Published: August 25th 2015
Publisher: HarperCollins Publishers
Genre(s): Literary Fiction, Surrealism
Length: 9 hrs and 17 mins
You Too Can Have a Body Like Mine is a catalog of the mundane made nightmarish and surreal. Eating an orange is a visceral act of destruction and consumption. Applying makeup is an absolute negation of the self.
Sex is dissociative and alien, a study of individual body parts joining and separating in feverish dispassion. Commercials are bizarre tragedies populated with gruesome cartoon imagery.
Your favorite game show ruins lives and breaks up marriages. The neighbors dressed themselves in bed sheets with holes for their eyes and checked out of society to join a new cult. Your roommate wants to become you so thoroughly that you might no longer exist.
You Too Can Have a Body Like Mine is a bit difficult to summarize in any kind of concise fashion, but the back copy certainly tries. The main thing you need to know before reading it is that it isn’t particularly plot-driven and the characters aren’t much more than archetypes.
The first three-fourths are an episodic, anxious meditation on body image, consumerism and food issues. The last quarter changes gears a bit when the main character decides she has found a solution to her general malaise, and the book loses a bit of its odd, surrealist charm. That last quarter also suffers from a sudden influx of jargon, but the end still mostly sticks the landing.
My favorite parts were Kleeman’s descriptions of terrifying commercials for a chemical-filled brand of snack cakes. Imagine an existentialist Wile E Coyote who doesn’t just fall but breaks at a spiritual level thanks to the machinations of sentient dessert, and you’ve got the general idea.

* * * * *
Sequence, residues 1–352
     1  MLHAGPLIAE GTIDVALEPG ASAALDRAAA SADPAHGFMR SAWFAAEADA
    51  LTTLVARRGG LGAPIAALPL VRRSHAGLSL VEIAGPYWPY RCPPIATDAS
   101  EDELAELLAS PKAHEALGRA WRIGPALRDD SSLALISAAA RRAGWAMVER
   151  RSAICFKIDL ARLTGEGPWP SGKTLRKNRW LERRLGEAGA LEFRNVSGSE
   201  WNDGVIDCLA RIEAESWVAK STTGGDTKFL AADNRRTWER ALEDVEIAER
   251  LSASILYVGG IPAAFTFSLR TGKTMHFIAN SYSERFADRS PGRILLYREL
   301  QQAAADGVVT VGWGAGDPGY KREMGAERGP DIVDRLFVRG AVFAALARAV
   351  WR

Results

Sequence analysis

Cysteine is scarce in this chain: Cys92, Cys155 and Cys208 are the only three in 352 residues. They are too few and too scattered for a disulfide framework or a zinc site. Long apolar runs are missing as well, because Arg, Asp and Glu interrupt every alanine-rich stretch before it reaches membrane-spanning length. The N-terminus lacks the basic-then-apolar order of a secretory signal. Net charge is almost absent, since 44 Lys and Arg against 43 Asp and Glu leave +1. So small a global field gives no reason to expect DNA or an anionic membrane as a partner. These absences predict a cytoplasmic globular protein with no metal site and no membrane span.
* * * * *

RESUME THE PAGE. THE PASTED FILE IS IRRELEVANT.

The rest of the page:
I also appreciated the author’s horrifying descriptions of food and eating even as they made me cringe. Eating is basically never pleasurable in this book; instead, it’s an act of violence against both food and eater.
I’m honestly not entirely sure why I enjoyed this book as much as I did. I’m not usually patient enough to read weird, arty books, and it was definitely a bit pretentious and overwritten. It’s possible that listening to the audiobook was a big part of why I liked it; in fact, I’m pretty sure I would have gotten bogged down trying to read it in print.
Accordingly, I’d rate this one as a qualified recommendation. If a rambling, slim story about body image and food issues sounds like it might be worth your time, you’ll probably get a few laughs and/or shudders out of Kleeman’s début.